Israeli anti-racism czar says police profile Ethiopians, still have a ways to go
Aweke Zena tells ToI that while recent years have seen ‘dramatic improvement, there’s ‘a great deal more that needs fixing,’ and law enforcement officials aren’t trying enough
Despite improvements in how Israel has dealt with discrimination in recent years, the head of the country’s top anti-racism body believes that police aren’t yet doing enough to combat systemic racism.
Speaking with The Times of Israel recently, Aweke “Kobi” Zena, the coordinator of the Justice Ministry’s National Anti-Racism Unit, said he wished that law enforcement officials would increase their collaboration with his team, which was established three years ago on the recommendation of a commission set up by Prime Minister Benjamin Netanyahu in the wake of nationwide protests over the beating of an Ethiopian-Israeli soldier at the hands of police.
That team, which comprises just five full-time members including Zena, is in charge of identifying government policies that entrench and perpetuate racist practices and and recommending reforms to them, as well as receiving and following up on complaints by aggrieved citizens.
While the unit frequently liaises with nearly 60 officials across numerous government agencies, including the police, Zena described his relationship with law enforcement as “very complicated.”
Last year, widespread protests rocked Israel when tens of thousands of Ethiopian Jews took to the streets following the shooting death of 19-year old Solomon Tekah at the hands of an off-duty police officer. Tekah’s death came six months after Yehuda Biadga, 24, a mentally ill Ethiopian-Israeli, was shot and killed by police who say he charged an officer while brandishing a knife.
“Yehuda Biadga is dead and Solomon Tekah is dead and this year we saw a lot of, I don’t want to say racist, but interactions with police and citizens [involving] violating rights, so I think we have a lot of things to do and I hope that someday the police will be ready to understand there is a problem in policing practices,” Zena said.
He noted that police last year created a Gender Equality and Cultural Diversity Unit and said, “We are ready and we want to work with them.”
But while there was “a kind of cooperation, we need to do more, and yet we didn’t succeed in convincing them to take a step for big change,” he lamented, declining to get into the nitty-gritty of interdepartmental cooperation.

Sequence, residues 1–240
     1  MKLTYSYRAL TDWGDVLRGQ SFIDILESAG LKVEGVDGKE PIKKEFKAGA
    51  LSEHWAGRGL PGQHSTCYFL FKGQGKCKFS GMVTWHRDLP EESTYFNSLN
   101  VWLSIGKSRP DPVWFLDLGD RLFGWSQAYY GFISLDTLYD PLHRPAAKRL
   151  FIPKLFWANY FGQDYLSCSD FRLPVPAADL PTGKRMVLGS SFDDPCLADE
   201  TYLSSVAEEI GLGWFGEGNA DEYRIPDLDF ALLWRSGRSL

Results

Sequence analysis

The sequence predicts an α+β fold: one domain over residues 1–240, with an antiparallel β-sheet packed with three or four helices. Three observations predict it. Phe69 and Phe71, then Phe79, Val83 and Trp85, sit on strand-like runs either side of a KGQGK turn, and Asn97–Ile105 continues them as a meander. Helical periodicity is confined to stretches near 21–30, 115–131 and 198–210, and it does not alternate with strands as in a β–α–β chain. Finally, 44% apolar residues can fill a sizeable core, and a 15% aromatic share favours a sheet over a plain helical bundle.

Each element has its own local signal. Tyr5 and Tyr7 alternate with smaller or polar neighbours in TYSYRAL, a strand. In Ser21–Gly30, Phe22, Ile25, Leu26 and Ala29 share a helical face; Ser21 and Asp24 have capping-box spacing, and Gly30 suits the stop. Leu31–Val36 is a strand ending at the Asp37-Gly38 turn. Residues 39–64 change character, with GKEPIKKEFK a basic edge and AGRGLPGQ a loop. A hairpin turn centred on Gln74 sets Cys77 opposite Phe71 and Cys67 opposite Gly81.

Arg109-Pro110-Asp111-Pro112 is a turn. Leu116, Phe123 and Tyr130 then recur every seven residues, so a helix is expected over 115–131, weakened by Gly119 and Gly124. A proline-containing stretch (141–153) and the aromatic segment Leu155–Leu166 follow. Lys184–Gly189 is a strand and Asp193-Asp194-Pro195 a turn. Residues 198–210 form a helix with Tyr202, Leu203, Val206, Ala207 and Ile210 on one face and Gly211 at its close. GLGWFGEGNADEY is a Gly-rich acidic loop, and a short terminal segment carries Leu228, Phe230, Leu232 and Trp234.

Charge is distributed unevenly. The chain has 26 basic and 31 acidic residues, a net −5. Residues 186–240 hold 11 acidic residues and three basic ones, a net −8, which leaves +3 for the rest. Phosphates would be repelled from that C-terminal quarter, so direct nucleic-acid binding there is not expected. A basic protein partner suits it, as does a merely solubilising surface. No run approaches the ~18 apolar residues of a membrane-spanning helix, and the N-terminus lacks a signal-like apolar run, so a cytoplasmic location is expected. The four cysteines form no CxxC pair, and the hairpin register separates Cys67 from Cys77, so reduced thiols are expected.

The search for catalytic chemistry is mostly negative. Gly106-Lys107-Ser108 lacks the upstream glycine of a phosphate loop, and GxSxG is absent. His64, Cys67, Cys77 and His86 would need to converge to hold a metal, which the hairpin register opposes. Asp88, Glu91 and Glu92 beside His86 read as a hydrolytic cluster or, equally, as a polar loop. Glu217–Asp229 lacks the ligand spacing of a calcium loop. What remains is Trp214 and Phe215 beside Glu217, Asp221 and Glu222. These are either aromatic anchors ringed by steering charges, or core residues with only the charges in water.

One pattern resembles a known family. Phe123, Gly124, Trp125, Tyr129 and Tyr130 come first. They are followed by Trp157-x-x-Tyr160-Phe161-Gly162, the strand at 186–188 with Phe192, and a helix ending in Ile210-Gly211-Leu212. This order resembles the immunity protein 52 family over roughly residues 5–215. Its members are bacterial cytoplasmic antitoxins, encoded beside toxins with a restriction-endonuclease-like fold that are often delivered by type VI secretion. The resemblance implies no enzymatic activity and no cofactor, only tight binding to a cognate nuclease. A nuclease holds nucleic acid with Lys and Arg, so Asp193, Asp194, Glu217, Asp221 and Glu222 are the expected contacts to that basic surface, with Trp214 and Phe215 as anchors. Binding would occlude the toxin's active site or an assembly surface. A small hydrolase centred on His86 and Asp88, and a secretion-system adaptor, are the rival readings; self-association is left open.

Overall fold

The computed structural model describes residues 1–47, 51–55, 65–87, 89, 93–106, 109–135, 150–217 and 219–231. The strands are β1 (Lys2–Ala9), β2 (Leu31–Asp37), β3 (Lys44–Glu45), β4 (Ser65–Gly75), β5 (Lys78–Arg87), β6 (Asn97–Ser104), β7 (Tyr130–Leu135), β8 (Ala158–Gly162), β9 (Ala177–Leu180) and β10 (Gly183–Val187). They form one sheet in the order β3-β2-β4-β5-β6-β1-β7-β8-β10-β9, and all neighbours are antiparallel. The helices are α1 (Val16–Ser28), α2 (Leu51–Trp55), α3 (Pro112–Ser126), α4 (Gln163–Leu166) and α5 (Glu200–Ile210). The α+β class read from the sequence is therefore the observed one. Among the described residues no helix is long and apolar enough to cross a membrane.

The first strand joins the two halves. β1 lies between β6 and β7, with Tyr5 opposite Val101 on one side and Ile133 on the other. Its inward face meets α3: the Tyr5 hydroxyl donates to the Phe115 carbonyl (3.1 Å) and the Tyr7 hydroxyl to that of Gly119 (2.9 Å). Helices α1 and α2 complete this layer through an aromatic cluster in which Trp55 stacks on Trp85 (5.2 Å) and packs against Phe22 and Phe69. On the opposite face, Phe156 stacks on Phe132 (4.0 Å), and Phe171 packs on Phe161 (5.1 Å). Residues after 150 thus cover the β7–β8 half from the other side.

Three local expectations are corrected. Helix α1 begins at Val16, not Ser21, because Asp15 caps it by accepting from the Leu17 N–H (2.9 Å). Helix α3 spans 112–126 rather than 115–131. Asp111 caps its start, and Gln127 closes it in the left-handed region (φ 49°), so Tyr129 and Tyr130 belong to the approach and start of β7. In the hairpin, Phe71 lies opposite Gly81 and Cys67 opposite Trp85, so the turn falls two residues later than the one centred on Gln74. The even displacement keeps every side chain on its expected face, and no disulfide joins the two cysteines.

Claiming he did not want to be overly critical, he did say that despite the existence of his unit, its success depends on a willingness to work together.
“I believe that they think and believe that they are doing good, but the fact is that it’s really so distant,” he said of eradicating racial disparities in law enforcement.
Announcing the formation of the new unit during a meeting with Ethiopian-Israeli community leaders last year, then-public security minister Gilad Erdan admitted that there had been “over-policing” but said that the ministry and police were “tackling” the issue.
“Obviously,” he said, “there’s a great deal more that needs fixing, but there has also been a dramatic improvement in recent years, a decline in the number of arrests and indictments, cases closed for minors, and many more initiatives are now being implemented, such as body cameras for officers.”
Asked what changes he was looking for in Israeli policing, Zena replied that he wanted police to treat all citizens equally, “to understand that their job is to serve the citizens, to defend their rights” and to end racial profiling.
“They are saying that they are not doing profiling,” yet Ethiopian citizens are still arrested at a disproportionate rate, he said.
According to a recent report by the National Anti-Racism Unit, the number of complaints of racial discrimination it received doubled in 2019, with 37 percent of such charges coming from the Ethiopian community. The report also noted that while Ethiopian Jews comprise 1.7% of the population, their arrest rate stands at 3.27%.
“I just want to see that they are ready to change, really,” he said. “It’s not just an Aweke Zena problem and I’m happy that the government decided to establish my unit to lead this change, but I need the cooperation of other departments.”
Asked to respond to Zena’s call for greater cooperation, Israel Police spokesman Micky Rosenfeld said that officers are “in close contact with the leaders of [Israel’s various] communities” and “in that way we prevent incidents and the second phase is responding to incidents.
“There is a special police unit in police that focuses on strengthening policing and community work. This unit is fully functioning for over a year already,” he continued. “Joint coordination with the Justice Ministry continues on all levels and will continue to expand in 2021.”